Has Apple Forgotten the Mac?
Apple announced the dates of its annual Worldwide Developers Conference.We're seeing rumors that the next-generation iPhone will be announced and available at the June event. But Apple seems to be giving the cold shoulder to its longtime mainstay business: The Mac.
Apple plans to hold the annual conference June 7-11 at the Moscone Center in San Francisco, according to a statement from the company. The WWDC is a big deal; in recent years, WWDC in June is when the company announced availability of the latest iPhone, although consumers couldn't actually get their hands on the devices until a few weeks later.
That could change this year. Mashable.com's Ben Parr says sources are saying the new iPhone will be announced and available at the conference, although supply chain problems could delay the launch:
We were already pretty sure that the new iPhone would be released in June -- AT&T employees have been blocked from taking vacations during the month of June, something that has only occurred during previous iPhone launches.
Last year's WWDC was the same week, but announced much earlier, March 26, says Daring Fireball's John Gruber. He adds:
The focus is heavily iPhone OS centric. There are some Mac OS X developer sessions and labs, but not many. (Translation: Mac OS X 10.7 is not going to be announced this year.) The IT track appears to be gone. Looking at the session list, one could argue that this year's WWDC is an iPhone OS developers conference, not an Apple developers conference. Look no further than this year's Apple Design Awards, which will only honor iPhone and iPad apps -- no category for Mac apps.
The changed focus of the conference is a sign of the changed focus at Apple, Gruber says:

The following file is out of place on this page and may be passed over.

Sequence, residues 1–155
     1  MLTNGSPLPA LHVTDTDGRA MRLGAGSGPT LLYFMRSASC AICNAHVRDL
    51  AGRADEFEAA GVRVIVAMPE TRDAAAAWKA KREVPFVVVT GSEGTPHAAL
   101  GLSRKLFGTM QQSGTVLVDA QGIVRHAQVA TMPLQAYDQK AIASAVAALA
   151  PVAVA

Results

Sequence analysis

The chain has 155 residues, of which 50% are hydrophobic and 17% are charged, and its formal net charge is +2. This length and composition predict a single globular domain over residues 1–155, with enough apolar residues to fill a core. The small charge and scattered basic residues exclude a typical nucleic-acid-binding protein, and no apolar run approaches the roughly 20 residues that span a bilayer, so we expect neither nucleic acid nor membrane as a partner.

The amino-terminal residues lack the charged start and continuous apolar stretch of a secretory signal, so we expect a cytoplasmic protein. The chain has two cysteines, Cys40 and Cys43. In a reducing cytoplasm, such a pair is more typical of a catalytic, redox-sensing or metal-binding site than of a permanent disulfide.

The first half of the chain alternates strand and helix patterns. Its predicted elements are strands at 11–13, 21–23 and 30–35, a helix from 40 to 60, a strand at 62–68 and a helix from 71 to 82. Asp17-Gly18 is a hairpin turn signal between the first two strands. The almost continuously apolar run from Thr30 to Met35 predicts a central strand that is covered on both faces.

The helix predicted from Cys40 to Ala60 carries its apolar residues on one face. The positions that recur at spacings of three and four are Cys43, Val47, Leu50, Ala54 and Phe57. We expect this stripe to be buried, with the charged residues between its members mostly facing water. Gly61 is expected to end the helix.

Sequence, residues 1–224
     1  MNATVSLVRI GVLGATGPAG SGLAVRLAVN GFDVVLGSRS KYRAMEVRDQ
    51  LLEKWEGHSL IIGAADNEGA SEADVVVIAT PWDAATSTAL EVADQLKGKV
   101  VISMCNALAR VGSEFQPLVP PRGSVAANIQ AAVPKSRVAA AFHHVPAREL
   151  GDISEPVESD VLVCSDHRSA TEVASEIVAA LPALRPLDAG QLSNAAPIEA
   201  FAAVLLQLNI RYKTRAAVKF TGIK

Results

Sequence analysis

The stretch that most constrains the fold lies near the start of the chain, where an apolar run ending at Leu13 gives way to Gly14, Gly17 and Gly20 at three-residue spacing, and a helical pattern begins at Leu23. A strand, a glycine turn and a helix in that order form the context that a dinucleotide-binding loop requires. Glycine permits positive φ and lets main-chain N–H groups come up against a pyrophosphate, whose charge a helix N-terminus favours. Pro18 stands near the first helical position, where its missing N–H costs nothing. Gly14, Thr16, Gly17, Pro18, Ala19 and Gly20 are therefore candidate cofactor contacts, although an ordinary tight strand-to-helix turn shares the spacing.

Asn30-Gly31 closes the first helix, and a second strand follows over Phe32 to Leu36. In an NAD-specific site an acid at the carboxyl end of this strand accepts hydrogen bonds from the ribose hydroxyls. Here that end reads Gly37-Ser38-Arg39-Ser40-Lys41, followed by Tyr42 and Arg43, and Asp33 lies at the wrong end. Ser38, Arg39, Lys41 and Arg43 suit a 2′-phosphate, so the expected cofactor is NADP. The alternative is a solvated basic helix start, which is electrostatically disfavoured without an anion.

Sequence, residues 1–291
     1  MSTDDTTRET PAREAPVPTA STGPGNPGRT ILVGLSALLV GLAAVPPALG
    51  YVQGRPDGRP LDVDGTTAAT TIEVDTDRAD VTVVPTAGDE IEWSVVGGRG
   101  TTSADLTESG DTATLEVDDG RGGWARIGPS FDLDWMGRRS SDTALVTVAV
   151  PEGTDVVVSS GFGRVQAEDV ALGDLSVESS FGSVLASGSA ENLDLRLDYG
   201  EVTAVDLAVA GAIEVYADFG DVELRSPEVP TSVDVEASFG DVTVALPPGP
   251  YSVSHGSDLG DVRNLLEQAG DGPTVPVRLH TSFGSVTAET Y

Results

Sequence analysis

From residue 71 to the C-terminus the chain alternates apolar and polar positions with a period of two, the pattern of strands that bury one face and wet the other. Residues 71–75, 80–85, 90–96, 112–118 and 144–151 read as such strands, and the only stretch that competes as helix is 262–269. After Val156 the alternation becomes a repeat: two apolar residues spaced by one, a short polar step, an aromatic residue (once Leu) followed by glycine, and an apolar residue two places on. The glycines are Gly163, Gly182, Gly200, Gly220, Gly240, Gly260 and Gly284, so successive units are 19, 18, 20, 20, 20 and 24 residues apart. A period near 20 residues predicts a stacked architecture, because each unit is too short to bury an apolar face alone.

That doesn't mean I think the Mac is going away. Apple is selling more Macs than ever; it's an extremely profitable business. You can't create iPhone apps without a Mac.
But despite the fact that Apple's Mac business has never been bigger, it's already been eclipsed by the iPhone OS business - iPhones, iPod Touches, and iPads. If you pause and close your eyes, you can feel it -- the tectonic plates are shifting underfoot. The long-term trend is inevitable.
The exclusion feels like a snub to Mac developers, writes Macworld's Dan Moren.
"I think it's a mistake for Apple to miss such an easy opportunity to acknowledge Mac developers," says Red Sweater Software proprietor Daniel Jalkut. "While the iPhone and iPad are understandably hot right now, the Mac is still a huge part of Apple's business, and Mac developers are important in sustaining that."
Rogue Amoeba CEO Paul Kafasis agrees. "Ultimately, I find these moves disappointing. Having an iPhone slant at WWDC is one thing, but completely cutting the Mac out of the ADAs? That feels like a snub to plenty of Mac developers who continue to do great work on a well-established, popular platform."